The United States only officially began to outlaw racial segregation in the 1950s, and women have only been given equal academic opportunities at some top institutions since the 1980s. Columbia University, for example, didn’t allow women to apply until 1983—and the other Ivy League schools didn’t allow women until the 1960s and 1970s, themselves.
These advancements in academic opportunity have helped to pave the way for women and people of color to contribute even more heavily to social and scientific progress, but African-Americans continue to make up a minority of pioneers in these fields.
That makes Dr. Hadiyah-Nicole Green a true pioneer in her field. Green is one of fewer than 100 black female physicists working in the United States right now, truly standing tall as a rare role model in her demographic.
She currently works as an assistant professor at the Morehouse School of Medicine, boasting some seriously impressive credentials from the University of Alabama-Birmingham (where she got both her master’s degrees and her doctorate in physics by the age of 30). While going through school, though, she underwent a couple of tragic life instances that inspired her current work using lasers to target cancer cells—which earned her a million-dollar grant and could literally change the world.
Green was orphaned as a child, which left her to be raised by her aunt and uncle in St. Louis, Missouri.
When she attended Alabama A&M for her bachelor’s degree, she became the first person in her family to go to college—and by the time she had gotten her doctorate, she was just the second black woman in the history of the University of Alabama-Birmingham to pick up the graduate degree in physics. She overcame a world in which she even had a dissertation committee member laugh at her and tell her she would never graduate, telling the world that “haters gonna hate” as she broke down barriers.
At home, though, she suffered a pair of massive losses when both her aunt and uncle passed away from cancer. So now, she’s using her degree to do two things—change the world and change the way the world views black women.
Her physics work is impressive enough all on its own. She developed a way to inject nanoparticles into cancer cells, avoiding healthy cells in the process. Then, laser therapy is used to heat up the nanoparticles, killing the cancer cells “while avoiding the unpleasant side effects of chemotherapy and radiation.” The work could quite literally save lives, providing doctors with an option to destroy cancerous tumors that have previously been considered too dangerous or difficult to reach.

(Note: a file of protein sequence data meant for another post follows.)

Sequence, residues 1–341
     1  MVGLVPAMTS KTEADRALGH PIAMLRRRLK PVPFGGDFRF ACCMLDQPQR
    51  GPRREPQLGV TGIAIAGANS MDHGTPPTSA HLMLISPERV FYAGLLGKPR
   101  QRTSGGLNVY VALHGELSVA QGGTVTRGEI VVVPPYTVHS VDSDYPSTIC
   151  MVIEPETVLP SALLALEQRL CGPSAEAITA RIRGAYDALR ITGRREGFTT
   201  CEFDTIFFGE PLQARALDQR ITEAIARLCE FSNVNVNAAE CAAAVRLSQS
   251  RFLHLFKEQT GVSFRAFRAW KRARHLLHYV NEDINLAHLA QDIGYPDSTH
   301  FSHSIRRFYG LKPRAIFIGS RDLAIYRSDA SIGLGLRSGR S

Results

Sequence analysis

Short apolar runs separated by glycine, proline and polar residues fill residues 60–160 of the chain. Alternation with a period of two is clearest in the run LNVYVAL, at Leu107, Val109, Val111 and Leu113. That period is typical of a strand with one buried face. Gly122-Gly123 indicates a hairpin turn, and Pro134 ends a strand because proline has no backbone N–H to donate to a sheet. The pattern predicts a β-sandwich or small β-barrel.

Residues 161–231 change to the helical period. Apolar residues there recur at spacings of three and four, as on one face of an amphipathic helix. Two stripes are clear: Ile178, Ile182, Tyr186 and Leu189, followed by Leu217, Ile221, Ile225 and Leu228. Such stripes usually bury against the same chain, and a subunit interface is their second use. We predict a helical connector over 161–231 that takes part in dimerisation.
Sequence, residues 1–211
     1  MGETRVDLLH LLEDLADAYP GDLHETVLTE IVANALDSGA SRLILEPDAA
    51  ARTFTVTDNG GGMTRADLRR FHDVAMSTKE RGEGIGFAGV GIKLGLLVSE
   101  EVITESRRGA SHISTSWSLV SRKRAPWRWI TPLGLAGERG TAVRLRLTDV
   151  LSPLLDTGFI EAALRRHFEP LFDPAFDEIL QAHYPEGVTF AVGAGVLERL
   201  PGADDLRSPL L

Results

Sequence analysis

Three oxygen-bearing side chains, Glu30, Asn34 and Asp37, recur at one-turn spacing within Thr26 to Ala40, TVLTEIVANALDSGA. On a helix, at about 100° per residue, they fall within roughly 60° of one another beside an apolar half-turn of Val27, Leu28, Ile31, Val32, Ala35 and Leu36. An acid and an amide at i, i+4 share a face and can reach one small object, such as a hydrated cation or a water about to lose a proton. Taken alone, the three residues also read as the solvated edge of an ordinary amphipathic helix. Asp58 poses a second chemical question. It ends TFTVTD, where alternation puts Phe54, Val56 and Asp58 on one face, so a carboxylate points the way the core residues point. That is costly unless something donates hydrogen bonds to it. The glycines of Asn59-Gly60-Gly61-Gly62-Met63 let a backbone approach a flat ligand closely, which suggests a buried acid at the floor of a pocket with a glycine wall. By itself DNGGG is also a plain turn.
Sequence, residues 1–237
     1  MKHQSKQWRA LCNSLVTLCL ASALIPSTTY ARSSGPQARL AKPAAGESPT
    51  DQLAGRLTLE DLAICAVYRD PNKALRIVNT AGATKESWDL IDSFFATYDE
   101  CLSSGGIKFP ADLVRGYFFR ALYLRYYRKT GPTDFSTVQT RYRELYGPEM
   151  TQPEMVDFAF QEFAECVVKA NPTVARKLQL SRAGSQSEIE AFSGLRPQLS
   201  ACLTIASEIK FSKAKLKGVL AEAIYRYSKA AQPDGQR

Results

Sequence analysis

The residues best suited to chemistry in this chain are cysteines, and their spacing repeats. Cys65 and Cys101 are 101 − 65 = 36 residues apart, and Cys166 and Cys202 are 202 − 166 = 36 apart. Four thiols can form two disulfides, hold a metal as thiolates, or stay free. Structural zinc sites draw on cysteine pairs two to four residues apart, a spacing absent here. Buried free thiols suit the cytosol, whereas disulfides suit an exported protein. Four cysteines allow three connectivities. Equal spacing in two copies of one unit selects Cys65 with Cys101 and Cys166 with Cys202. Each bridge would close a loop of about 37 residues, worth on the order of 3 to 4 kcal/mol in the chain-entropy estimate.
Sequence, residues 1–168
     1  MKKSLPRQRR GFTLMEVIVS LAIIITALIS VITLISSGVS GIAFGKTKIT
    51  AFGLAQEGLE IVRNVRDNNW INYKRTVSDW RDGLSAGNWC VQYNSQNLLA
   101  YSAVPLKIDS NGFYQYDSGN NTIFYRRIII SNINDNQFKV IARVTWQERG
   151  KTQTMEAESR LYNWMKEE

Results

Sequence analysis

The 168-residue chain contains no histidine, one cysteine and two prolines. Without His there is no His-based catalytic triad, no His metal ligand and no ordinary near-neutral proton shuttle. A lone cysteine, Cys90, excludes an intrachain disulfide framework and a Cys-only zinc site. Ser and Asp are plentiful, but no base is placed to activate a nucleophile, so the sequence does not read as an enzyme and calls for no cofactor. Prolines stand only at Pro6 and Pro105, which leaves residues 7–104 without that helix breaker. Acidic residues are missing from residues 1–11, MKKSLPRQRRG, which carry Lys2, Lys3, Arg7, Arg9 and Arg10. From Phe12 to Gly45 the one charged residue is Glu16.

She’s also using her platform to inspire young black women to get into the STEM, or “science, technology, engineering, and math” fields. She makes a concerted effort to speak at every event she’s invited to, feeling responsible for getting her platform to inspire others.
“Usually if there is an invitation to speak at a forum, I accept it because I feel like it’s a responsibility,” she said. “There are so few of us [black women in STEM fields] I don’t feel like I have the luxury to say ‘I’m too busy.’”
“There are black female scientists who don’t get media exposure,” she went on to explain. “Because of that, young black girls don’t see those role models as often as they see Beyonce or Nicki Minaj. It’s important to know that our brains are capable of more than fashion and entertainment and music, even though arts are important.”
PLEASE LIKE AND SHARE! Despite all of modern and alternative medicine’s best approaches, nearly 9 million cancer-related deaths occur every year due to cost, access, and efficacy of current treatment options. Inspired by the loss of loved ones, @Dr. Hadiyah-Nicole Green developed a new arsenal in this war on cancer. This cancer-killing machine, Laser-Activated Nano-Therapy (LANT), successfully eliminates tumors in laboratory mice, after a single 10-minute treatment, in just 15 days without any observable side effects and is ready for human clinical trials. Dr. Green founded the Ora Lee Smith Cancer Research Foundation (OraLee.org) to represent and address the needs of the millions of desperate cancer patients who have been sent home to die with no options and no hope. The purpose of our tech-based nonprofit is to translate LANT into humans so that one day, cancer patients will have access to more effective, targeted, and affordable treatments from a cancer nonprofit that focuses on providing more than hope.Join our efforts to move LANT out of the laboratory and into humans today! We have the capacity to save lives. With our revolutionary technology, we can. With your support, we will. Please like, share, and donate at OraLee.org or text ORA to 71777. Follow @DrHadiyahGreen on Facebook, Instagram and Twitter. #MoreThanHope #StandWithMe #SupportDrGreen #WeAreOraLee #BETgoespink
Posted by Dr. Hadiyah-Nicole Green on Tuesday, October 2, 2018